Information and systems for its management are critical elements for the efficient and effective operation of today's knowledge dependent organisations. From an organisation's perspective the objective of information management is to ensure that valuable information is acquired and exploited to its fullest extent (Willpower Information, 2005). The activities of information management can be considered to involve the creation, representation, organisation, maintenance, visualisation, reuse, sharing, communication and disposal of information (Larson, 2005; Treasury Board of Canada, 2005). At a more conceptual level these elements can be considered to involve adding value to information by virtue of how it is organised, visualised and represented, and enabling information (and hence value) to flow to the end-user through the processes of exchange, sharing and collaboration. Furthermore, it is desirable that these elements are performed efficiently with the minimum of waste. Because of the critical dependency of organisations on information, improving its overall management can yield significant operational benefits to all areas of an organisation and importantly its overall efficiency, competitiveness and responsiveness (Chaffey & Wood, 2004; Dietel, 2000; Moran, 1999). Such improvements generally involve either expanding the amount of information managed or implementing an additional or new information management system. These information management systems or information systems (IS) are generally commercial off-the-shelf (COTS) software applications or suites that are based on standards, languages and processes and include a variety of tools and methods to support the specific activities of information management. In a modern organisation there will be a large number of different systems including finance, payroll, customer relationship management (CRM), product data management (PDM) and inventory management systems. This set of IS or software applications form a complex system which in itself needs to be well aligned to the organisation, efficient and also responsive. Because of this, information management systems that are not well aligned to the organisation or the existing IS infrastructure can have a significant detrimental effect on the organisation and its performance. To alleviate some of these issues there are a variety of methods for determining the information that needs to be managed; a wealth of tools for managing particular types of information; a range of integrated information system suites; and various techniques to support IS planning and the assessment of alignment, fit and user satisfaction; there are however few techniques specifically aimed at improving the efficiency and responsiveness of the overall system or infrastructure. In contrast to the lack of supportive methods for improving the overall information management system or infrastructure, there are a number of well established techniques that support continuous process improvement of manufacturing and production systems. In general the approaches aim to increase production efficiency (productivity) and quality, and reduce work-in-progress, stock levels and unnecessary product handling. Such improvements can ultimately realise increases in profitability and improve manufacturing flexibility, capability and responsiveness. The most widely adopted approaches include the philosophy of lean thinking (Womack, Jones & Roos, 1990) and the Kaizen (Imai, 1986), single minute exchange of die (SMED) (Shingo, 1985), Six Sigma (Pyzdek, 2003) and design for changeover (DFC) (McIntosh, Culley, Mileham, & Owen, 2001) methods. With the exception of lean thinking these methods can be summarised as frameworks and techniques that focus on improving processes and practices (Kaizen and SMED), product quality (Six Sigma) or changeover performance (DFC). In contrast, lean thinking is a more generic philosophy or framework, and has the potential to be applied to any system or process in order to identify critical areas of improvement and ultimately bring about such improvements. The principles of lean involve eliminating waste and ensuring value flows, which arguably reflect the conceptual model of information management previously proposed. Fundamental to the successful application of lean is the identification of value, understanding of flow and characterisation of waste. In the areas of manufacturing and production the underlying nature of waste is generally well understood and usually visible. However, waste within the context of information management is less clear and not generally as visible. Therefore, prior to the application of lean principles to the processes associated with information management, it is first necessary to develop an understanding of waste within the context of information management and characterise the types of waste present within the overall information management system and infrastructure. In order to develop an understanding and a theoretical basis for the application of lean thinking within the context of information management this paper discusses the development of a model of waste and the key principles for lean information management. The paper firstly discusses techniques for improving information management and highlights the need for more fundamental approaches that support the overall improvement of the information management system. It then introduces the concept of lean thinking and discusses its evolution and application to processes beyond that of traditional manufacturing. Following this, the underlying nature of waste within the context of information management is characterised and then mapped to the key issues for information management within small to medium-sized organisations. The understanding of waste is then discussed with respect to the traditional model and methods associated with lean manufacturing and the principles of a lean information management strategy are proposed.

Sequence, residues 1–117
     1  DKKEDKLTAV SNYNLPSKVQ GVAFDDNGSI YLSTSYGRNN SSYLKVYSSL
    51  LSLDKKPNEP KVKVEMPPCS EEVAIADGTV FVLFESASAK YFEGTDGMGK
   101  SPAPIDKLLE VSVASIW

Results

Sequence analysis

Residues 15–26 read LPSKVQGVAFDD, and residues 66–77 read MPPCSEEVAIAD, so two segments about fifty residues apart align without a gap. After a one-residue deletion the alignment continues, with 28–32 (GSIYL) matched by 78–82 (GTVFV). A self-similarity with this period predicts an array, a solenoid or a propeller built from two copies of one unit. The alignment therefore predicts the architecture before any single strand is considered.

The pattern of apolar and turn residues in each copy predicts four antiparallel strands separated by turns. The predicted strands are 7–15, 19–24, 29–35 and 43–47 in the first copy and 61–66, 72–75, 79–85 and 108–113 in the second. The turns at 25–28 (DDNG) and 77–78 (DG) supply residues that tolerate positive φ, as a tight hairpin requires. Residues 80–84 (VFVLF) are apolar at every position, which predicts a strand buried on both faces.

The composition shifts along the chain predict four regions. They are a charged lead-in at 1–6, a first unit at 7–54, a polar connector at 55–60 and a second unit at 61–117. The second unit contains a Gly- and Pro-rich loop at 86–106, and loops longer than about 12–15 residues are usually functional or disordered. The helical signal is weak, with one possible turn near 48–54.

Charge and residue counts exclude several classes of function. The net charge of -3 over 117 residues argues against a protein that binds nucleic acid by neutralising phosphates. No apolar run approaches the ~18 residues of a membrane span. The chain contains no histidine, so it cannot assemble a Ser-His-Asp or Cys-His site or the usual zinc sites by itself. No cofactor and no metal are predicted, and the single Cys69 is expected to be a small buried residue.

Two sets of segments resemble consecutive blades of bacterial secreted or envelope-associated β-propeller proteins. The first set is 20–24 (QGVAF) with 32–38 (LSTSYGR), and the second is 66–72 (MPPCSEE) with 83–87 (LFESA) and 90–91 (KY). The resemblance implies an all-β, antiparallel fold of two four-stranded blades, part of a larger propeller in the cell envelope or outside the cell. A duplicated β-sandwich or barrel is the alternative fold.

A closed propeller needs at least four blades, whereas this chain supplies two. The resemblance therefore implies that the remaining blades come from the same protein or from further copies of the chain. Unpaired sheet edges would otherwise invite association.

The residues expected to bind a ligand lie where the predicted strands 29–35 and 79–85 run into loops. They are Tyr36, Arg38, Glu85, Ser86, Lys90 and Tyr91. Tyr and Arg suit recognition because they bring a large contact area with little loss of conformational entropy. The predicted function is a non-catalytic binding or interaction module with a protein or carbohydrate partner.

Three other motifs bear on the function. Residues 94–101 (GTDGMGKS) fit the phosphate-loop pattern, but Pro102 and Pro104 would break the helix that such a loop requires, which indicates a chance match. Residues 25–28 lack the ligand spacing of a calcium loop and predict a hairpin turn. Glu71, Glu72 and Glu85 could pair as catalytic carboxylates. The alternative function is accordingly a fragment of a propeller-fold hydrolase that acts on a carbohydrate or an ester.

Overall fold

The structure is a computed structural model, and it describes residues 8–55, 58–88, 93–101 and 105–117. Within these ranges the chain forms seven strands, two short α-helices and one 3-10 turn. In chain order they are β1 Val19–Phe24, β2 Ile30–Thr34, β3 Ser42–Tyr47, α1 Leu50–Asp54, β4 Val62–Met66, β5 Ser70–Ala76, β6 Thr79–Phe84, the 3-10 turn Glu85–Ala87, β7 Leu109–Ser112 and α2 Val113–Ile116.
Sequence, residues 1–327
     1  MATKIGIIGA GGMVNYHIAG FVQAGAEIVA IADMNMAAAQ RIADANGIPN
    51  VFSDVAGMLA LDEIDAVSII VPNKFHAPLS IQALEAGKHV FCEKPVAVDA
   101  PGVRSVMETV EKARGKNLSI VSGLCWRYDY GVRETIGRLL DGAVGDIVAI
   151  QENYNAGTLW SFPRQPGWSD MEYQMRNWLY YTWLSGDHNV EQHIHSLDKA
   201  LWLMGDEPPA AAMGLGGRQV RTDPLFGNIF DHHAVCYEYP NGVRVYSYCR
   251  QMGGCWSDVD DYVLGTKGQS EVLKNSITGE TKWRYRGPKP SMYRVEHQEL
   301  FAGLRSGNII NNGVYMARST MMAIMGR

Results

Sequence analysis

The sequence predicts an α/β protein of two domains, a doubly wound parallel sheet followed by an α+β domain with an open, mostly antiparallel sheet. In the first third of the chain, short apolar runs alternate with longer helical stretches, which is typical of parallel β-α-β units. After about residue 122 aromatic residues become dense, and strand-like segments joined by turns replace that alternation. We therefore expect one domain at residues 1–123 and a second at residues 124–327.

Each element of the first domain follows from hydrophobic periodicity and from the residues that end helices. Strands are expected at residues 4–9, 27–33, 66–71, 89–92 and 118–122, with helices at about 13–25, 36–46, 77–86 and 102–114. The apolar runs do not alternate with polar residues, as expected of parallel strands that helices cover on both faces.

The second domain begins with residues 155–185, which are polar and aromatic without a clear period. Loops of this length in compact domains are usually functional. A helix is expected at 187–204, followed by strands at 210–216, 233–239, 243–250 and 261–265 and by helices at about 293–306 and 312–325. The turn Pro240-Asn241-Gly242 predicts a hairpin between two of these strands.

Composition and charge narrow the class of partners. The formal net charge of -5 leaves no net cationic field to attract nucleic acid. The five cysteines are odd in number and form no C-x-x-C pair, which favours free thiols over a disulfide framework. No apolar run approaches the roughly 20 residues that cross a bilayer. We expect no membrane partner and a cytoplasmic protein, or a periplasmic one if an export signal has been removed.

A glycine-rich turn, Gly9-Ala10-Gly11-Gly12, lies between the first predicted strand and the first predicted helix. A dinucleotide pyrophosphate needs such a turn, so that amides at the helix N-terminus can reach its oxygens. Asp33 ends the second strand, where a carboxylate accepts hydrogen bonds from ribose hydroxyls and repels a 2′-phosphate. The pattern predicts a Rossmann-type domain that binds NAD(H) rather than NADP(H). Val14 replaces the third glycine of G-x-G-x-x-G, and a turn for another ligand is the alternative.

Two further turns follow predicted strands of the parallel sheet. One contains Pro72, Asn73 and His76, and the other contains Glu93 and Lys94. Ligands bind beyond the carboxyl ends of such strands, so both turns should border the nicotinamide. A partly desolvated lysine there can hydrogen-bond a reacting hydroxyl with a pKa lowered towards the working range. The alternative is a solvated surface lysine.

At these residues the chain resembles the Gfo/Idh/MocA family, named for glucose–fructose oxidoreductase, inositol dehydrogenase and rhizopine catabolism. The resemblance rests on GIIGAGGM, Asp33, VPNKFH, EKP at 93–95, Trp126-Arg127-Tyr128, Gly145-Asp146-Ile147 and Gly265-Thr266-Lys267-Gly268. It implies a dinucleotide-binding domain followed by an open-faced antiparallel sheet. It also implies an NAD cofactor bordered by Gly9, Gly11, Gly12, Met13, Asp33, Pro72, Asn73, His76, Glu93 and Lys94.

نتیجه گیری انگلیسی
This paper deals with the development of a new approach for supporting the improvement of information management and in particular the performance of the overall information management system or infrastructure. It is argued that there are many tools and methods for improving particular aspects of information management but few general methods or principles that can be applied to information management and its range of activities per se . In contrast to this, there are a number of generic techniques or principles that can be applied to manufacturing and production systems in order to bring about improvements. More specifically, the principles of lean thinking have revolutionised manufacturing and production operations and have arguably contributed to the improvement programmes of many of today’s leading manufacturing organisations. It follows that the fundamental proposition of this paper is that lean thinking can also be applied to information management; where information management can be considered to involve adding value to information by virtue of how it is organised, visualised and represented; and enabling information (and hence value) to flow to the end-user (customer or information consumer) through the processes of exchange, sharing and collaboration. The potential benefits and extent of application of lean principles are discussed, and the fundamental barriers for its application to information management are highlighted. These include the need to characterise the nature of waste and establish the five principles of; value, value streams, flow, pull and continuous improvement in the context of information management. In order to characterise waste, the findings from a previously reported study ( Hicks et al., 2006 ) are used as the basis for elaborating the various types of waste and their causes. This revealed four types of waste within the context of information management: failure demand, flow demand, flow excess and flawed flow. The four types of waste are illustrated with examples through their classification to a set of 18 information management issues. This process also highlights the need for a deeper understanding of the concept of ‘information value’ which is not explicitly dealt with in this paper. The four categories of waste are discussed with respect to the traditional model of seven manufacturing wastes, which reveals that the four categories of failure demand, flow demand, flow excess and flawed flow can be mapped directly to the traditional wastes of extra processing, waiting, overproduction and defects, respectively. However, three of the traditional types of waste; transport, inventory and motion, are not clearly identifiable when considering the digital/electronic system. This is due to the almost instantaneous data exchange and the relatively trivial cost of electronic storage. Notwithstanding this, it is shown that whilst these three types of waste cannot be mapped to the digital system they are still present in the digital-physical system and in particular the behaviour of the end-users. Using the characterisation of waste and the understanding gained from the study, a conceptual framework for a set of lean principles within the context of information management is proposed. These principles include the traditional elements of value, value stream, flow, pull and continuous improvement. It is argued that the framework and the understanding of waste offer a unique and generic approach for supporting the retrospective improvement of processes and systems that manage information. In particular, the principles aim to support a continuous programme of improvement concerned with the efficiency, quality and overall management of the processes. It is further argued that, as has been the case for manufacturing systems, such improvements are likely to have wider organisational benefits. These may include a greater capability to undertake core activities, improved responsiveness and increased competitiveness.